Big Sky SNO to reveal climate action plan
Aim is for a net-zero Big Sky by 2050; athlete and activist Conrad Anker to offer keynote discussion at Feb. 16 community event
By Jack Reaney STAFF WRITER
By 2050, Big Sky could lose between six and 29 days of skiing per year without collective action on climate change, according to the Greater Yellowstone Climate Assessment.
Big Sky Sustainability Network Organization has finalized its climate action plan after months of locally-based design, in its most recent step to prevent that narrowing winter.
According to a Big Sky SNO press release, the Community CAP was rooted in feedback from more than 30 local businesses and organizations in order to “identify community tactics and strategies to achieve local and regional level climate-related goals.” The CAP is designed to empower individuals and organizations to focus on four main priorities: buildings and energy, transportation, consumption and waste, and the natural environment surrounding Big Sky. The plan’s aim is to achieve net-zero emissions by 2050 while purchasing as few carbon offsets as possible.
The details of the plan will be unveiled at 6 p.m. on Feb. 16 at the Independent, as part of a free event featuring a keynote speech from Bozeman-based North Face and Protect Our Winters athlete Conrad Anker and short films sponsored by POW, a climate activism group based in Boulder, Colo. The event is expected to run 80-90 minutes, and should be “fun, inspirational, educational and enlightening.”
That’s according to Lizzie Peyton, Big Sky SNO’s director of community sustainability, who spoke on the phone with EBS about the launch event.
Peyton explained that SNO is a nonprofit formed in 2020 by community leaders looking to curb negative environmental impacts of Big Sky’s rapid growth by identifying pathways for sustainable growth. The first step to comprehensive planning, she said, was an inventory of existing greenhouse gas emissions based on NorthWestern Energy data from 2018 and 2019.
The biggest takeaway was the 87 million miles traveled each year along the canyon between Bozeman and Big Sky, she added. Chairlifts are another unusual but significant source of energy consumption.
Big Sky SNO consulted with various community leaders and business owners in the past year to design the CAP around Big Sky’s unique challenges and capabilities. Peyton hopes the CAP will inspire collective action by enticing individuals to get on board.
“The Big Sky economy is reliant on the outdoor tourism industry, so it is in our community’s best interest to take actions to preserve our environment [for] future generations,” Peyton wrote in a follow-up email.
Because Big Sky isn’t incorporated, Peyton pointed out the challenges of enforcing action items outlined in the CAP. She said Big Sky’s lack of government impacted the CAP’s design, as it relies more on empowering individuals than on enforcing policy.
In a simplified example, Peyton suggested that anyone will be allowed to have a gas stove in 2050. But hopefully, most people will transition to a more renewable cooking source. To reach “net-zero emissions,” Big Sky SNO will purchase carbon offsets as a last resort to account for the smaller number of homes still using burners. The cost of carbon offsets will fund environmentally positive activities elsewhere, such as planting trees or building solar arrays.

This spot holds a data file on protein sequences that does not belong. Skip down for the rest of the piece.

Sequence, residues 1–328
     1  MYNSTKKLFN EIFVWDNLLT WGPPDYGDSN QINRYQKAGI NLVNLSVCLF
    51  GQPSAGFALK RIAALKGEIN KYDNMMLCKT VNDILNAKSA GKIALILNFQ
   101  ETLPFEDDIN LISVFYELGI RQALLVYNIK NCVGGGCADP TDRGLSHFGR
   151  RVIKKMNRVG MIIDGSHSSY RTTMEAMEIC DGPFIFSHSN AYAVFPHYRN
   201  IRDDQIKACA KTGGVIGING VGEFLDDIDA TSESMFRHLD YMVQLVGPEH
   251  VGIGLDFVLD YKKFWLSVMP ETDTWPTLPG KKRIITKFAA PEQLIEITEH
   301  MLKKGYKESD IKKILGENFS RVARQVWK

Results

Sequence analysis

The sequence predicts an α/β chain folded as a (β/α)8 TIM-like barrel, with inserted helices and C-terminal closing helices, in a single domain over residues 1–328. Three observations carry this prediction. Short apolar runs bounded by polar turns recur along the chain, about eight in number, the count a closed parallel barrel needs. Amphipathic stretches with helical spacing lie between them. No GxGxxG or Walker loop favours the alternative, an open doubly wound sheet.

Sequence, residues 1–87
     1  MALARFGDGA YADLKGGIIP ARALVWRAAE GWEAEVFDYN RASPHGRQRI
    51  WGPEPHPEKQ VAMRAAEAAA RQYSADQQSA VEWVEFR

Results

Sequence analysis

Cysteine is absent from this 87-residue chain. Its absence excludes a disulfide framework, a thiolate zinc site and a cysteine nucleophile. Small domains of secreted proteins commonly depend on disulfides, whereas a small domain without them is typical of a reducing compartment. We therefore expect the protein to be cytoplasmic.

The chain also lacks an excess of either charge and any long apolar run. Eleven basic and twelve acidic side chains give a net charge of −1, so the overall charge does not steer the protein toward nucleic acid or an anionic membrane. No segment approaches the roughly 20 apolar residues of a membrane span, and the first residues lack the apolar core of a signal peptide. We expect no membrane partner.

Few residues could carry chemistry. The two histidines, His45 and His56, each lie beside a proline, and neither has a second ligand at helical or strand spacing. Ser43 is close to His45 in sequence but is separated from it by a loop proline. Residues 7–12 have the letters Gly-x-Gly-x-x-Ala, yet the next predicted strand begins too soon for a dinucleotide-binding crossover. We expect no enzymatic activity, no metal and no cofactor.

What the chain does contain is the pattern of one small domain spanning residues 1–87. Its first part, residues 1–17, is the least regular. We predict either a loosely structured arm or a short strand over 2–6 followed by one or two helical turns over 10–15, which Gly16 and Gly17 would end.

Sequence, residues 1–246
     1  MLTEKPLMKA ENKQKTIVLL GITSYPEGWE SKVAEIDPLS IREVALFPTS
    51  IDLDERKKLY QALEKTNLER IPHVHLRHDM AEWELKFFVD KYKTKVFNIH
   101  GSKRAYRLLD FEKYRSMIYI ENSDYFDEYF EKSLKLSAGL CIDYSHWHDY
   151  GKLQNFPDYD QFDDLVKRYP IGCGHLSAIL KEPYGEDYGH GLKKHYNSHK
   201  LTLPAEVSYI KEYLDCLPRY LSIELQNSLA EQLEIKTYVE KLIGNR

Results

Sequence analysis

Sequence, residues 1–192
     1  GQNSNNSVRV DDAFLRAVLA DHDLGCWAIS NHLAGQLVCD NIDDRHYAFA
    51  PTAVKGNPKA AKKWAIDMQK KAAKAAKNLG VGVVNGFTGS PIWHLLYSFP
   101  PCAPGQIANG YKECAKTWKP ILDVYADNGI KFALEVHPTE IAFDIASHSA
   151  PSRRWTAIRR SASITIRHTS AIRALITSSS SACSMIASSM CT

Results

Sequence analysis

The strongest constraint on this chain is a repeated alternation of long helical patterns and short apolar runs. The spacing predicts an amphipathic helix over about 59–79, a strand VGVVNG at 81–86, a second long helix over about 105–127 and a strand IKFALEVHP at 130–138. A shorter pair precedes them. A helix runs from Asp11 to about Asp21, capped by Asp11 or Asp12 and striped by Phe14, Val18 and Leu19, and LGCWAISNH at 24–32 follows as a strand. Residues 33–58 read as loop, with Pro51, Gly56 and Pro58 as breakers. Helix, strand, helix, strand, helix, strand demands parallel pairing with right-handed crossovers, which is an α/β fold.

“We’re trying to get as far as we can without purchasing offsets, because we believe [net-zero] should come from within the community,” Peyton said.
In order to reach their 27-year goal, Big Sky SNO has been working with NorthWestern Energy, “trying to encourage them to ‘green up’ or create more renewable energy options for purchasers to purchase,” Peyton said. Big Sky SNO has been involved in discussions with groups in Helena, Missoula and Bozeman working to develop a renewable energy proposal with NorthWestern.
Business as usual
The press release states that the CAP “offers a projected perspective on the reality of future emissions if activities are to remain on the same track as ‘Business-As-Usual’; an abysmal trajectory for the future of Big Sky and the Greater Yellowstone Ecosystem.”
Peyton explained what business as usual means for Big Sky:
“We are tracking at a 6% growth rate right now. The [construction] to accommodate that growth rate, those buildings need to be green, like, right now,” she said, citing solar and geothermal energy as possible solutions.
“The important part is, if we try to sit here in a silo and try to do this without community partners, we’re not going to get there. We need to get [Big Sky Resort] on board, we need everybody,” she said.
She acknowledged the commitment of Big Sky Resort to its Forever Project, adding that it focuses primarily on carbon offsets to reach the goal of net-zero emissions by 2030. In contrast, the CAP hopes to improve local infrastructure and limit carbon offsets.
Peyton said the Feb. 16 event is intended to be “super fun” and empower individuals to walk away thinking, ‘these are three things I can actually do every day to improve my environment.’ The event is designed as a hyperlocal approach to the big-picture work POW is doing.
“You get to see a rad person speak, and you’re going to learn how our local environment is changing… [Anker is] a leader in outdoor recreation, and he’s really knowledgeable about climate activism. He can connect the dots to why being outside is being affected by the changing climate,” Peyton said.
“It’s the watershed, it’s the forest, it’s the mountains. It’s every piece of why we live here.”